Defeating the Travelling Salesman Problem for Warehouse Logistics

by Calvin Seward, Roland Vollgraf, Urs Bergmann - 25 Mar 2014

Let’s say you know what items need to be retrieved from a warehouse and you know where the items are located. But can you retrieve all those items following an optimal route? Now further assume that you are using a cart to collect the items, can you also figure out how to optimally manage the cart, too? “Of course not!,” you cry, “Calculating the optimal route is the travelling salesman problem, and as to solving the problem with the cart, now that would be pure black magic.” Don’t believe me? Try your luck with the picture below, see if you can find the shortest route that passes by all the x-marks. At Zalando we have developed an efficient algorithm to solve just this problem, and today we’ll tell you more about it.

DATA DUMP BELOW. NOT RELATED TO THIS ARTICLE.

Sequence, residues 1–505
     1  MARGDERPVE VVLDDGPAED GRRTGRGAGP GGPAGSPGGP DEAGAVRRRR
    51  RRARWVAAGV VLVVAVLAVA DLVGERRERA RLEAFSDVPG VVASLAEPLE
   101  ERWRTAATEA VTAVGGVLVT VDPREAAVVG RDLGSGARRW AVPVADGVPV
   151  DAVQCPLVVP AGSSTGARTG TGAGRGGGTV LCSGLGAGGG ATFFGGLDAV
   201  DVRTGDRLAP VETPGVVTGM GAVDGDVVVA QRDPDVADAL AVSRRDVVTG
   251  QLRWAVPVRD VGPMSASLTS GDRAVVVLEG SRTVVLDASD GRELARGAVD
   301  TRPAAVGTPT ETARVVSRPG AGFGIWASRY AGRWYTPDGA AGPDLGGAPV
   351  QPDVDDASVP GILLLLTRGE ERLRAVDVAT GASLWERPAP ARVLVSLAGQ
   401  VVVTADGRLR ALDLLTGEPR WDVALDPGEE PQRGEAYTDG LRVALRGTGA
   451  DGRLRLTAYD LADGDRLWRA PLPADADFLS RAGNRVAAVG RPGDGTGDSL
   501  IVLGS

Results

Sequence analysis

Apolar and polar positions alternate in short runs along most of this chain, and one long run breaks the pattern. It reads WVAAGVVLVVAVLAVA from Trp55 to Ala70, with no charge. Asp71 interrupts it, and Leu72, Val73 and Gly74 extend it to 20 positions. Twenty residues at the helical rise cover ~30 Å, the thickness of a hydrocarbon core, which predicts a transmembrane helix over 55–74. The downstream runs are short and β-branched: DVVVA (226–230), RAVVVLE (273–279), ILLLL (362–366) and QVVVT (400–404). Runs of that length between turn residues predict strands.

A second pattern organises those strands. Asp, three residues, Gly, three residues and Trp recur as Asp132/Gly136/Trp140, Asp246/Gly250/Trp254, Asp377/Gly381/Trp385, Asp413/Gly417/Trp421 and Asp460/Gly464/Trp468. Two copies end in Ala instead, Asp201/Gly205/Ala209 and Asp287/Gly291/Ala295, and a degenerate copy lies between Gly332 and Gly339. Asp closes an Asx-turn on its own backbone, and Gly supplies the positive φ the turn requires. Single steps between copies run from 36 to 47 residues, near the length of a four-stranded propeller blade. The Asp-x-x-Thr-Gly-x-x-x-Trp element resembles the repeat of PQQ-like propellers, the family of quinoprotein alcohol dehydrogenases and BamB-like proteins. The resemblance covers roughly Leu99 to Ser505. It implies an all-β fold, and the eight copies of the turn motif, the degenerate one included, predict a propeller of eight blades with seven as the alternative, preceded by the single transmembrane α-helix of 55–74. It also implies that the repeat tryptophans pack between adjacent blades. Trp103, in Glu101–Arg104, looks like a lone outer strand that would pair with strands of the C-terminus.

The Travelling Salesman Problem in Logistics

When an order is placed at the Zalando shop, the items don't just appear by magic at the doors of screaming customers like in the Zalando commercials, but the work is done in multiple steps in Zalando's warehouses. One of the steps is the so called “pick” step. In this step, a worker retrieves a bunch of items from a large hall filled with shelves of clothes, shoes and accessories. The hall is not unlike a large supermarket where shelves are arranged and separated by aisles and cross aisles. The worker retrieves the items by picking up an empty cart and going from location to location as instructed by his bar code scanner, not unlike a shopper picking up all the items on his shopping list. Once he has retrieved all the articles in his tour, he returns the full cart and starts on a new list. A figure of the situation can be seen below, where the x’s denote locations where the worker must retrieve an item, and the node at the very bottom is where he picks up and drops off his cart.

Pick position and route